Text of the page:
Intimate partner sexual violence (IPSV) is a significant social problem, particularly among women who are concurrently experiencing physical violence in their intimate relationships.
This research examined the prevalence and factors associated with IPSV among a sample of women recruited at the scene of police-involved intimate partner violence incidents (N = 432). Within this sample, 43.98 percent of participants reported experiencing IPSV; this includes 17.36 percent who reported sexual abuse and 26.62 percent who reported forced sex. Multinomial logistic regression was used to examine the factors related to sexual abuse and forced sex, controlling for victim and relationship characteristics.
Compared with women not reporting IPSV, women who were sexually abused or forced into sexual intercourse were significantly more likely to experience strangulation, feelings of shame, and posttraumatic stress disorder symptoms. Women whose partners had forced sex were more likely to report that they had a child in common with their abusive partner; and that their partner was sexually jealous, had threatened to kill them, had stalked or harassed them, or caused them to have a miscarriage due to abuse.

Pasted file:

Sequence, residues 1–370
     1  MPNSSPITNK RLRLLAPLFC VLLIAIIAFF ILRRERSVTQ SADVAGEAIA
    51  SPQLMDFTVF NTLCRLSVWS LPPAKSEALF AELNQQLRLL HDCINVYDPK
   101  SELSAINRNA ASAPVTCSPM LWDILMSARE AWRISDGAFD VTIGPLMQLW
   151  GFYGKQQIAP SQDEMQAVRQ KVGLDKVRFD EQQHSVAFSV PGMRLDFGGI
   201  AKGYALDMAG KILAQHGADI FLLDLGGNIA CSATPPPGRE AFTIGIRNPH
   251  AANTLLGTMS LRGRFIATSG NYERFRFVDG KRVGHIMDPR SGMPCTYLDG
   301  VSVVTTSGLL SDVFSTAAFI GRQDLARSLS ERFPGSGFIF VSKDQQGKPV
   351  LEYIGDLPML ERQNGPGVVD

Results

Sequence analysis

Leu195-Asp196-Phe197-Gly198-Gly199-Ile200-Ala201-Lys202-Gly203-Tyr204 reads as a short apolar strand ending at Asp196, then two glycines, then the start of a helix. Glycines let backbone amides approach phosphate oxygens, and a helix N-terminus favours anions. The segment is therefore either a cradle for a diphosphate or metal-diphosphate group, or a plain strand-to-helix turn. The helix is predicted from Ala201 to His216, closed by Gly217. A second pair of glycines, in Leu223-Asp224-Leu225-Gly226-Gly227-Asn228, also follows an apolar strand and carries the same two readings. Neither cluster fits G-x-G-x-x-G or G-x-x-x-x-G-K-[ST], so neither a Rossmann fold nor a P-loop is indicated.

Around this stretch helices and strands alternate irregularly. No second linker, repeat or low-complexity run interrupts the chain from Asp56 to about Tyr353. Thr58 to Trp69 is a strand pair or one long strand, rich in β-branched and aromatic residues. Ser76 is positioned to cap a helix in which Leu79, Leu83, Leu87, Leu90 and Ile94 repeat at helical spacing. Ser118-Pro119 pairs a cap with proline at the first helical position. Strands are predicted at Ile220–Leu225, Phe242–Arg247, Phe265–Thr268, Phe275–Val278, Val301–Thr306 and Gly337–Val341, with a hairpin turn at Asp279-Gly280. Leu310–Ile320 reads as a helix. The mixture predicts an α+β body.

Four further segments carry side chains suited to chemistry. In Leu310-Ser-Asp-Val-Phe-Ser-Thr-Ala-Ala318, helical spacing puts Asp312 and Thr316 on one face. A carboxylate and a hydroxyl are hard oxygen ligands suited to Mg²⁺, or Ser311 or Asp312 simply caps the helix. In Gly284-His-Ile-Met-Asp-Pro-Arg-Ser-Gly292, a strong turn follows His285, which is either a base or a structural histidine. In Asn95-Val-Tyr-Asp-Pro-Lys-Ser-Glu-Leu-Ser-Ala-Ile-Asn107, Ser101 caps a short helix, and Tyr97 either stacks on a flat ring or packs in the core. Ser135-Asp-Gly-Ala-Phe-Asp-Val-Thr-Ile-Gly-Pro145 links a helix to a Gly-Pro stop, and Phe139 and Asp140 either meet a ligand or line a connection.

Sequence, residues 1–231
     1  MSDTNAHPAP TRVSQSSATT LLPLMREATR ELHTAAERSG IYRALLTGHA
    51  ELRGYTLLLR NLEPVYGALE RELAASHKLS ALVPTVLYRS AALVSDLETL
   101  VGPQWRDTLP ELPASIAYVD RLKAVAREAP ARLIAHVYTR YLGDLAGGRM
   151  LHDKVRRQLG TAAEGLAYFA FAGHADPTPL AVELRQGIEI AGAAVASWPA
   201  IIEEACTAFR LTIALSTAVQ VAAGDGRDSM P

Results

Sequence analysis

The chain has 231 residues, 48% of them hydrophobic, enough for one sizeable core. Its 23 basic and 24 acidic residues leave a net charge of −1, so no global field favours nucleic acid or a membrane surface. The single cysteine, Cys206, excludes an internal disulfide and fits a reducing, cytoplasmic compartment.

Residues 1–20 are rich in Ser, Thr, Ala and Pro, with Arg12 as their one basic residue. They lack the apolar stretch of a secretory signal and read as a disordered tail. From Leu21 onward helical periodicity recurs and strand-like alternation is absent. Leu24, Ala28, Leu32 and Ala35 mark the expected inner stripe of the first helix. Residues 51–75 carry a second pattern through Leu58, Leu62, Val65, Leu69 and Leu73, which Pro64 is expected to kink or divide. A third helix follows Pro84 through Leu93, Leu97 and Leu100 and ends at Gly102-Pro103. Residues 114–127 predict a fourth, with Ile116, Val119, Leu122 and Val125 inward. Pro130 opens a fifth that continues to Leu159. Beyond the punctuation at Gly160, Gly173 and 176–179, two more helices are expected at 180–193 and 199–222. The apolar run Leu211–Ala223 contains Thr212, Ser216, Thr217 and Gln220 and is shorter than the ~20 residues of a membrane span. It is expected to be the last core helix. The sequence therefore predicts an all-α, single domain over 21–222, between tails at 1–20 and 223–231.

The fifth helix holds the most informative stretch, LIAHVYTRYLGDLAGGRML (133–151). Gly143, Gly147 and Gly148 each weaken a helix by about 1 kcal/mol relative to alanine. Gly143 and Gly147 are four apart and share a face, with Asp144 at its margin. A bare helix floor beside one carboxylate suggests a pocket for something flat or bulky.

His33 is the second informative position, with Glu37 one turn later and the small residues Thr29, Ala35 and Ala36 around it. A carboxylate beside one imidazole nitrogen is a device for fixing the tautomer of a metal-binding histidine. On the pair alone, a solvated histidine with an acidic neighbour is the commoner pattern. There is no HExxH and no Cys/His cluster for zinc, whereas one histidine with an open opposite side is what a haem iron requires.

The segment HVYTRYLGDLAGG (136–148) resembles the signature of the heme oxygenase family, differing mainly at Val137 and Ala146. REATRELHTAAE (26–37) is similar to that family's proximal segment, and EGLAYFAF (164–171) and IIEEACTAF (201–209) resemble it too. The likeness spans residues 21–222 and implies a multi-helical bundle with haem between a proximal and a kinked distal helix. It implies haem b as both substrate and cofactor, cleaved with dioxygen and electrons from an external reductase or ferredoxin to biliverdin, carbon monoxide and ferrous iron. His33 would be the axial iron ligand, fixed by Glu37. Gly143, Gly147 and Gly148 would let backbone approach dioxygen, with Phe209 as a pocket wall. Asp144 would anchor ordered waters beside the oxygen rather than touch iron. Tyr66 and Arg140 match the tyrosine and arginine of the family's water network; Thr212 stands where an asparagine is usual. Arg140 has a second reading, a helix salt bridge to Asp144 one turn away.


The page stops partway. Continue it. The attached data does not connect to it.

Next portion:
These findings can be used to better inform social work practitioners about the prevalence and nature of IPSV and the associated risk factors, and can assist in routine screening and intervention.
Full article at: http://goo.gl/oEmpI5
Health Soc Work. 2014 Aug;39(3):181-91.
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